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Pulp and paper mill effluents contain various organic and inorganic pollutants. The polluting strength of these effluents are measured as COD and BOD which range between 5000- 10000 and 1500-6000 mg/L respectively. In addition to these, heavy metals such as Cd, Cr, Cu, Fe, Ni, Pb and Zn also find place in these effluents. By adopting proper treatment technologies these paper mill effluents can be transformed into environmentally safe and harmless form for disposal. The treated effluents from a paper mill were collected, analysed and tested for their biological safety. Day old broiler chicks were taken for the study. The treatments were 0%, 25%, 50%, 75% and 100% effluent as drinking water. The management practices viz. brooding, feed etc were identical. The treatments were compared for weight gain, feed & water consumption. The effect of replacement of fresh water with treated effluent was found to be innocuous, and birds exhibited normal growth even under 100% water replacement.
Paper mill effluent, Growth of chicks, Biological safety
Paper mills use significant amount of water for processing of pulp and production of paper. A typical paper mill consumes 2,25,000 liters of water/tonne of paper production (Birdie and Birdie, 1992). Those using Kraft process, discharge dark coloured effluents with characteristically high BOD, COD and suspended solids along with difficult biodegradable lignin compounds and their derivatives (Gupta et al. 2001). Discharge of untreated effluents into water bodies cause depletion of dissolved oxygen endangering aquatic fauna. Besides this they impart persisting colour to the water body hindering penetration of light that is essential for aquatic flora. These water bodies serve the drinking purpose for livestock in rural areas, hence the quality and colour are most important.
High strength paper mill effluents can be subjected to Best Available Technologies (BAT) to render them harmless. Treatment plant consisting sequentially of equalization, neutralization, primary clarification, anaerobic (UASB or filter) followed by aerobic treatment and polishing reduces the polluting strength of the effluents drastically. The treated effluents confirm to the standards prescribed by the state pollution control board. Biosafety of the treated paper mill effluents can be assessed by conducting poultry growth trial.
Paper mill treated effluent was collected at the out let of final step of the effluent treatment plant before it is let into the water body. Commercial broilers were obtained and were randomly allotted in 5 treatments with 3 replicates each (5 birds/replicate). The chicks were housed in standard battery brooders with flour space requirement of 1 square feet/bird at Poultry Experimental Station, Livestock Research Institute. All broiler chicks were offered standard feed (broiler starter) and management conditions during rearing.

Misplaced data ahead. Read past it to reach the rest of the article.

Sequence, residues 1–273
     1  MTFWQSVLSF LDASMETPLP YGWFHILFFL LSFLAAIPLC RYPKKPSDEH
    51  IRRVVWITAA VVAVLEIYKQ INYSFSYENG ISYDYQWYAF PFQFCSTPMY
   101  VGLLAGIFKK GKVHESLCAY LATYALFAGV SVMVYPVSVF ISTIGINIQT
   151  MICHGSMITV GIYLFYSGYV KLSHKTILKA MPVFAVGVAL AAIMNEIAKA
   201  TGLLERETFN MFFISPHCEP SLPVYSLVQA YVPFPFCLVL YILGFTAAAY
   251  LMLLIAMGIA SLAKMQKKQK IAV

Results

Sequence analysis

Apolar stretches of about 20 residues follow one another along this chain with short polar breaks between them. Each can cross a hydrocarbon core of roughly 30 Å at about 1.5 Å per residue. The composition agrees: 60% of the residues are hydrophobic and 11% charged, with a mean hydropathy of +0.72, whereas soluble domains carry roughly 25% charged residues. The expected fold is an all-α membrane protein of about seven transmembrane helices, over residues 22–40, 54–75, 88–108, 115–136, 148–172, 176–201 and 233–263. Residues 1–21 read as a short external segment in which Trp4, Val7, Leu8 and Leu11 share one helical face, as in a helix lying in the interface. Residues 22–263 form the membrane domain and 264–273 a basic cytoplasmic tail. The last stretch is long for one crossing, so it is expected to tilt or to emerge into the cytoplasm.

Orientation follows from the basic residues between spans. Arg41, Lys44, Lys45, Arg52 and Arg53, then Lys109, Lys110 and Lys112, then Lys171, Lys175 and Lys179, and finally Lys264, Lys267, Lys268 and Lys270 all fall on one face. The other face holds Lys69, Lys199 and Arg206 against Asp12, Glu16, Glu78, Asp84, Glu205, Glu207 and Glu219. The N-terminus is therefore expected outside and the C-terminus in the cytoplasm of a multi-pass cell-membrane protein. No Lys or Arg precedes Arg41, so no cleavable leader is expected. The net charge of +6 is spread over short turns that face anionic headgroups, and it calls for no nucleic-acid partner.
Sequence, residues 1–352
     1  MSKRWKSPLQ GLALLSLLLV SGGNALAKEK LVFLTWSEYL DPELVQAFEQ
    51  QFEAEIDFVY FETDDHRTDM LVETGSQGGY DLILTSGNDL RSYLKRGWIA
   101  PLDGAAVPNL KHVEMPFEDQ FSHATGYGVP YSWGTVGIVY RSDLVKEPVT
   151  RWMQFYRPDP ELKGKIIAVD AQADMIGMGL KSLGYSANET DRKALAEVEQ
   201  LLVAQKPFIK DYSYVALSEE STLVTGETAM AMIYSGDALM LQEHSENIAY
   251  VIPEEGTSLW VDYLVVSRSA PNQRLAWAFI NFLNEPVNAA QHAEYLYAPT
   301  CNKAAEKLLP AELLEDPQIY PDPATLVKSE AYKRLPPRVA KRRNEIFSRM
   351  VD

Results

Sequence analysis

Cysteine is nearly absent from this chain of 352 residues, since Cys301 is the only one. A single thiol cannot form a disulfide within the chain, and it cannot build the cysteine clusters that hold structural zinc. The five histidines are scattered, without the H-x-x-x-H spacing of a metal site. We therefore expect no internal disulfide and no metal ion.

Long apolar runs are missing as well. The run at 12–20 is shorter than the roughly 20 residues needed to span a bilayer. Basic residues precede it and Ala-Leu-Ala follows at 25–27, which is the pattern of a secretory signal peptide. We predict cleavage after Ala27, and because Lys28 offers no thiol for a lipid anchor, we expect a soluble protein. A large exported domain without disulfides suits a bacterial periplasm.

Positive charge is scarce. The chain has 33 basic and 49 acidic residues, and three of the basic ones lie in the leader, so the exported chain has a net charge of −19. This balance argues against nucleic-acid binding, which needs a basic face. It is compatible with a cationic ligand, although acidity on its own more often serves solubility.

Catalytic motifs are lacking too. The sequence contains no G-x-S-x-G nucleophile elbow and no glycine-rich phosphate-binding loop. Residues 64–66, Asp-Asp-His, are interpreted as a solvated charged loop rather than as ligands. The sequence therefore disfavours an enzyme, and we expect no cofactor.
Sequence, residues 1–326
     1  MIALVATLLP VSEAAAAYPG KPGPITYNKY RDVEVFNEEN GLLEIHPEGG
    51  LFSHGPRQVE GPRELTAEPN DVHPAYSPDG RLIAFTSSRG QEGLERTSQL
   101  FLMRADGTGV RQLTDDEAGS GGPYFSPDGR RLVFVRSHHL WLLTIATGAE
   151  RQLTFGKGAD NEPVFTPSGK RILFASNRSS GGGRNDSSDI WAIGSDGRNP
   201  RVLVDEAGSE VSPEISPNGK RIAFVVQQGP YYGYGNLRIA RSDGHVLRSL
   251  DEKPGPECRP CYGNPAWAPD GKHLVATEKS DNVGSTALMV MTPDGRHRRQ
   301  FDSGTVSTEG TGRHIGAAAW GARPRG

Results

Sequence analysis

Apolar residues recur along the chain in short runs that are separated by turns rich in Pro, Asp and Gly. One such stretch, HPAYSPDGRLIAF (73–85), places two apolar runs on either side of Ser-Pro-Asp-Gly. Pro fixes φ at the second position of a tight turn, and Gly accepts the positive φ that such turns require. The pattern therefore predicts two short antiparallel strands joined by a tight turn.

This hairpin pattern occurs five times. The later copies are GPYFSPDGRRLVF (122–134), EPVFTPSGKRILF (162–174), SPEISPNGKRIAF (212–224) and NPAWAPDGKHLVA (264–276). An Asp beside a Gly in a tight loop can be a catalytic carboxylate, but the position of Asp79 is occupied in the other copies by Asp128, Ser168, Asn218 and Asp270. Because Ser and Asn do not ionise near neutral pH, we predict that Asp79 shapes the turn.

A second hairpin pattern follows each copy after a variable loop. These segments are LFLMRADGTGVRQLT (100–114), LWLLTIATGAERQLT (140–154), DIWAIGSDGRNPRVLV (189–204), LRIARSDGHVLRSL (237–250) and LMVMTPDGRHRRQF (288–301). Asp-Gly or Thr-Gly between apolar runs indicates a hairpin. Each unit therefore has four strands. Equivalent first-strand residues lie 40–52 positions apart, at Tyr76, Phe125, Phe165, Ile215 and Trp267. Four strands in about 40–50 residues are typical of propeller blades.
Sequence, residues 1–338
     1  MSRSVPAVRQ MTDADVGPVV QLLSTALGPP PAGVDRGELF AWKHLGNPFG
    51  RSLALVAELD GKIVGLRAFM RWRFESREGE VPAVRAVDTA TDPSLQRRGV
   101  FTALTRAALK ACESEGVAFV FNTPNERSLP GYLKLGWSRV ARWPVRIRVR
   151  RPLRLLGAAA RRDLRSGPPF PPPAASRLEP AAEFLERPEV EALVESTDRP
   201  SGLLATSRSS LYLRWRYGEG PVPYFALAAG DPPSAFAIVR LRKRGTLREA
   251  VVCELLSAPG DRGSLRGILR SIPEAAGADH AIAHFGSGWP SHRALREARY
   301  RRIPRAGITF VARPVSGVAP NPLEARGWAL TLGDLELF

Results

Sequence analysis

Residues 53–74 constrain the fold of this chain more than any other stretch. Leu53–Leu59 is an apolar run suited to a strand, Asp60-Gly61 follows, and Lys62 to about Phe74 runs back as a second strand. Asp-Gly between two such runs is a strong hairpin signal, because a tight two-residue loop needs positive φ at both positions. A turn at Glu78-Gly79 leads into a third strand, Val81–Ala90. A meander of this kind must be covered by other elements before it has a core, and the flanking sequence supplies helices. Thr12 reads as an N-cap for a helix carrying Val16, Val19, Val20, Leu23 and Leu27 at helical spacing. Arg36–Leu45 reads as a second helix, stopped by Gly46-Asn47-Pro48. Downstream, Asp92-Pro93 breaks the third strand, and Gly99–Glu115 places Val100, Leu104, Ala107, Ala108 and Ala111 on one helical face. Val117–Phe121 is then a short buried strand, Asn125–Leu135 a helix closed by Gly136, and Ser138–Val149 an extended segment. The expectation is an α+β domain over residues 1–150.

Treated Effluent water was added to drinking water at 0, 25, 50, 75 and 100% dilutions and offered to birds daily. Feed and water was provided ad libitum. Water intake was monitored daily. Body weight, feed intake recorded week wise and calculated Feed Conversion Ratio (FCR= feed intake/weight gain) upto 3 weeks of age. The composition of Broiler chick starter feed is presented in Table 1.
The treated effluent was analyzed for pH, Total hardness, Nitrate, Calcium , Chlorides, Copper, Iron, Lead, Magnesium, Sodium, Sulphates, Zinc, BOD, COD, TDS, Manganese as per APHA (1998), 20th edition. Water quality standard for poultry are taken as per the standards laid by the Poultry Water Quality Consortium, (1998). Analysis of treated effluent and water quality standards is given in Table 2. the Data recorded that certain parameters like total hardness, chlorides and sulphates are more and Zn, Fe and total bacterial count, Coli form count are less in effluent water compared to the standard values. Weight gain, feed intake, feed conversion ratio and water consumed week wise is given in Table 3. Cumulative performance at 3 weeks age is shown in Table 4.
Treated effluent on weight gain was significant at the end of three weeks, but other parameters like feed intake, feed conversion ratio and water intake are not significant at the end of three weeks. Body weights in all the treatment groups were comparable with those on control group. Certain parameters such as total hardness, chlorides and sulphates in the treated effluent though not complying to the stipulated standards for poultry use, are found to be harmless. The birds exhibited healthy growth until 3rd week. This can be attributed to the adoptability of the birds to the presence of hardness, chlorides and sulphates to certain extent in the water given to them.
The treated effluent at any level of inclusion as drinking water did not show deleterious effect on growth of broiler chicks. The performance of birds did not differ from control, as is evident from the data on feed intake, FCR and water consumption. It is concluded that paper mill effluents can be safe as source of drinking water for broilers.